I am pleased that the Government have recognised the importance of exports, with strong leadership matched by concrete measures to support business. As my noble friend Lady Wheatcroft has said, the Government have set very bold targets of doubling UK exports to £1 trillion a year and getting 100,000 more UK companies exporting in that time. To achieve this, the Government must support businesses looking to access markets abroad by offering guidance, with networking opportunities at trade shows and other events, and of course with direct financial support. I join my noble friends Lord Risby and Lord Lang of Monkton in recognising the work done by the Foreign Office to make overseas trade a specific part of its mandate. As well as our ambassadorial consular services, businesses operating abroad will find unprecedented support awaiting them from our embassies and UKTI offices.

Unlike previous Administrations, this Government are proud of the exploits of our business leaders, which are so important. This Government are willing to put them front and centre of our soft-power diplomacy. I have therefore been very pleased to see many British leaders accompany the Prime Minister on his trips abroad, which have been mentioned by both my noble friend Lord Cope and the noble Lord, Lord Hunt of Chesterton. In fact I was on that delegation to China, if that is the one that was being referred to—we did not go to Hong Kong—and I believe that the noble Lord, Lord Hunt, is correct that it was not an Airbus but a Boeing. I inquired as to the choice of transport, particularly the carrier, which was not British Airways, and was told that a tender had been put out and the most cost-effective plane had been selected in order to minimise the cost to UK taxpayers.

I confess that one of the benefits of the delegation, as the noble Lord, Lord Cope, said, was that nearly all the delegates there were SMEs. Fortunately, it was not an Airbus, because a Boeing has the advantage, particularly on the carrier we were travelling with, of a bar in the centre of the plane. It was a memorable trip, as my noble friend Lord Livingston will recall, if only because virtually all the SMEs on the plane that had signed contracts while we were out there pushed themselves towards the bar in the middle of the flight, to the point where the pilot put on the seatbelt sign, even though there was no turbulence whatever, to get them all back again.

These delegations have a number of important missions, including helping medium-sized businesses that lack the brand value and network of their larger cousins but have growth potential if they can globalise their operations. The Prime Minister’s personal commitment, as my noble friend Lord Risby has said, must be welcomed. It is worth commenting that he has visited 19 out of 20 of the G20 countries—Argentina, understandably, is on hold—and we have seen significant increases in the budget of UKTI, even at a time when many UK government departments have understandably had to cut back. Indeed, the recent spending review at the department for business for 2015-16 established a baseline increase of £70 million a year, with a view to assisting 500 new medium-sized businesses annually. These measures show the priority status that exporters have been afforded under this Government. Whereas the previous Prime Minister led the world in accumulating the biggest budget deficit of any leading economy and discouraging business activity with higher rates of corporation tax, this Government have made the UK a leader in attracting global investment.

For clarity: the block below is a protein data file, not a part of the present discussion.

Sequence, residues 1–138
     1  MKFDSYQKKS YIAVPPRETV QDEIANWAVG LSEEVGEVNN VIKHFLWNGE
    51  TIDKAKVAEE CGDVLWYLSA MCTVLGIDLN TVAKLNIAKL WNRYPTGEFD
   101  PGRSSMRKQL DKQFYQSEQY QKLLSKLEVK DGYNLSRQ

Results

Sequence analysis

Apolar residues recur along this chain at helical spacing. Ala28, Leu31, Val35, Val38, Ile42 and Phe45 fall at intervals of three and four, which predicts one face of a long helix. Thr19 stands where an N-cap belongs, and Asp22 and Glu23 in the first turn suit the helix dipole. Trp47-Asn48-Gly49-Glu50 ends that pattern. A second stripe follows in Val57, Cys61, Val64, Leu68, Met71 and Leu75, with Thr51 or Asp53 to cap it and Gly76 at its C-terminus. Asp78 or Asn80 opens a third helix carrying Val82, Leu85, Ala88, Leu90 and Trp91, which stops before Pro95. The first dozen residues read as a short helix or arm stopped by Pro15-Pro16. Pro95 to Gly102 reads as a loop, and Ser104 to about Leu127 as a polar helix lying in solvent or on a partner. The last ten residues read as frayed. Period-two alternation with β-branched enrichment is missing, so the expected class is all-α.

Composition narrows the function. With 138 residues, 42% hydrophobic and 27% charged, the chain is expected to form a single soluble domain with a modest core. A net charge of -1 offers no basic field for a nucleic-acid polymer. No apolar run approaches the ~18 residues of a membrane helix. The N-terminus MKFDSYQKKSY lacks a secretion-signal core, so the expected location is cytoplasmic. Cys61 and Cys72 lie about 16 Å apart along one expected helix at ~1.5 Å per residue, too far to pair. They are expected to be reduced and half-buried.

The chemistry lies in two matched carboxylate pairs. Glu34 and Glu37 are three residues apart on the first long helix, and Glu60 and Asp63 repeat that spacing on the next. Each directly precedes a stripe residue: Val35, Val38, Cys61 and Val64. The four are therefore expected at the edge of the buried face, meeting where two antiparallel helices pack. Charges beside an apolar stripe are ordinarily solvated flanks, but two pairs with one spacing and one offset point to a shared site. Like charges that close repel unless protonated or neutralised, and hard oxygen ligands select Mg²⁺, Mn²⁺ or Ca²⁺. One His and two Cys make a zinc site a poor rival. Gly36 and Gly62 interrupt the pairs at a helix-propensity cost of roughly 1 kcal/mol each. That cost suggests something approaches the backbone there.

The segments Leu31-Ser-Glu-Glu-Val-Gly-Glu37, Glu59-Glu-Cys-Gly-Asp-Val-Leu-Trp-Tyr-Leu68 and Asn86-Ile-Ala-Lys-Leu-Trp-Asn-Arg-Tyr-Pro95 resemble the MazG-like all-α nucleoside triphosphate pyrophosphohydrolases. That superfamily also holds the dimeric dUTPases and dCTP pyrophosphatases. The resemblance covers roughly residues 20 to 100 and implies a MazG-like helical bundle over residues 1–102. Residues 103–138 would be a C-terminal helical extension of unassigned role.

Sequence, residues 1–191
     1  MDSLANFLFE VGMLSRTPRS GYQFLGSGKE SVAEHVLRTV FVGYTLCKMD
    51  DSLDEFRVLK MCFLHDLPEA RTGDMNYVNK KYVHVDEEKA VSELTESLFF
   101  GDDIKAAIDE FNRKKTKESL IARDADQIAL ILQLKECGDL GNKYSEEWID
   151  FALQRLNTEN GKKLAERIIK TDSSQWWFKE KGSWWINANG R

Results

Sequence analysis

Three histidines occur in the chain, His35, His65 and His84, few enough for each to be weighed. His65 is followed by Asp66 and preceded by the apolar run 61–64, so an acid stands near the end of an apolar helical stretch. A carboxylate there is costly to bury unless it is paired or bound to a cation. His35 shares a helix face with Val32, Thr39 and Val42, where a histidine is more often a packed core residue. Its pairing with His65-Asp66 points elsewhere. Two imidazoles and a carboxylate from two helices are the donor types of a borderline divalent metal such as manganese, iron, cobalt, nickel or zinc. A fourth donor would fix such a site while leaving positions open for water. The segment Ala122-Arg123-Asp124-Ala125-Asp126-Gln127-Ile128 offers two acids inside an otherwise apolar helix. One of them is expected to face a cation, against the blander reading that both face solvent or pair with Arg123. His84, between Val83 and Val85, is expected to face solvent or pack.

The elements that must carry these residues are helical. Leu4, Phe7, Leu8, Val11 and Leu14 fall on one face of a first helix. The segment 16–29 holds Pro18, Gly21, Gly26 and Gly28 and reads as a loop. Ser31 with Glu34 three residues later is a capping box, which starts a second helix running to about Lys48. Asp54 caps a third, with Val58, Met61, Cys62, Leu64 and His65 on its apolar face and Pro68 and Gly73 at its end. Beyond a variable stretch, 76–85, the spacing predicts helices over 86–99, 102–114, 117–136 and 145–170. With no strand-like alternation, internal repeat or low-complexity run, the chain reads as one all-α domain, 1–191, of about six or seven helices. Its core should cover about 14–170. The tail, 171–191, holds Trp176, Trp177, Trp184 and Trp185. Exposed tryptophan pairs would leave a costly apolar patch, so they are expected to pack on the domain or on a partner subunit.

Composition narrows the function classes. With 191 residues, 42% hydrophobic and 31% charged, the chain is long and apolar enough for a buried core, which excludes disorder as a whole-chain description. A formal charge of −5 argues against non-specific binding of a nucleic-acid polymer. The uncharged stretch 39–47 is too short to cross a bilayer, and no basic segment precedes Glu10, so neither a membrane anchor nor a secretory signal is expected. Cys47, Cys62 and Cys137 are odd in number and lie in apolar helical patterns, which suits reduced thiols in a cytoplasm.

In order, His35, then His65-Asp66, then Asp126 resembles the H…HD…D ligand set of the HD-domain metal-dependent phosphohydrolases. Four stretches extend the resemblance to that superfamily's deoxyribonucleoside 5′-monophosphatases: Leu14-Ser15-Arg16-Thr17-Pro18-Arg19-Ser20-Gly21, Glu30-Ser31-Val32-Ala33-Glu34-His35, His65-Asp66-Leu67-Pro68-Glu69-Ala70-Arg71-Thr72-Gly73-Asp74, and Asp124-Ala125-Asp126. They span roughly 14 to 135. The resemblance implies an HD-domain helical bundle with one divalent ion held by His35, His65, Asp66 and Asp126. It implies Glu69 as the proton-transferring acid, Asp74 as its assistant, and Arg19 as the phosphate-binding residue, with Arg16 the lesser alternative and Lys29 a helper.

I see this in my personal and professional life, acting for SMEs in the UK. There has been a huge pick-up of interest from overseas, particularly from China. This approach is paying dividends in extending the reach of UK companies from domestic or European to truly global. For example, it is relatively easy and straightforward to export to Ireland: it is close and we speak the same language. The real challenge—but also the gain—is in trying to export to the BRIC countries and other emerging economies. In 2008, at £19 billion, the UK exported more than twice as much to Ireland as it did to China. Pleasingly, in the last quarter of 2013, for the first time ever, exports to China finally overtook those to Ireland. The Prime Minister said that he wanted more exports to the BRIC countries and UK business has responded.

This does not mean that the EU is not a very important market: of course it is. For example, it remains very important in my field of activity, financial services. Many international finance companies, from banks to funds to traders, set up in London to access the EU, but it is not perfect. Our success in truly globalising our export market should encourage us to demand some reform in Europe. This means completing the single market in all services. I commend our own commissioner, my noble friend Lord Hill, in his endeavours to deliver a capital markets union. This will help further with the export of UK financial services throughout Europe and bolster our competitive position in this field.

Despite the many advantages referred to of our membership of the EU, we must ensure that British exporters to the EU are not disadvantaged by EU regulation. I am thinking of the vote by the European Parliament Committee on the Internal Market and Consumer Protection to recognise further “EU safety tested” markings. These are yet another burden for manufacturing, particularly European manufacturing. Parochially, I know of one manufacturer who manufactured his product in full compliance with the relevant European standards—which in his case was EN1888—only to discover, when he tried to export his product to France, that the French unilaterally sought to apply their own particular safety standard, which was called an LNE. In the face of that protectionism in the French market, it was essentially impossible for him to export his product to France, despite complying with the EU regulation.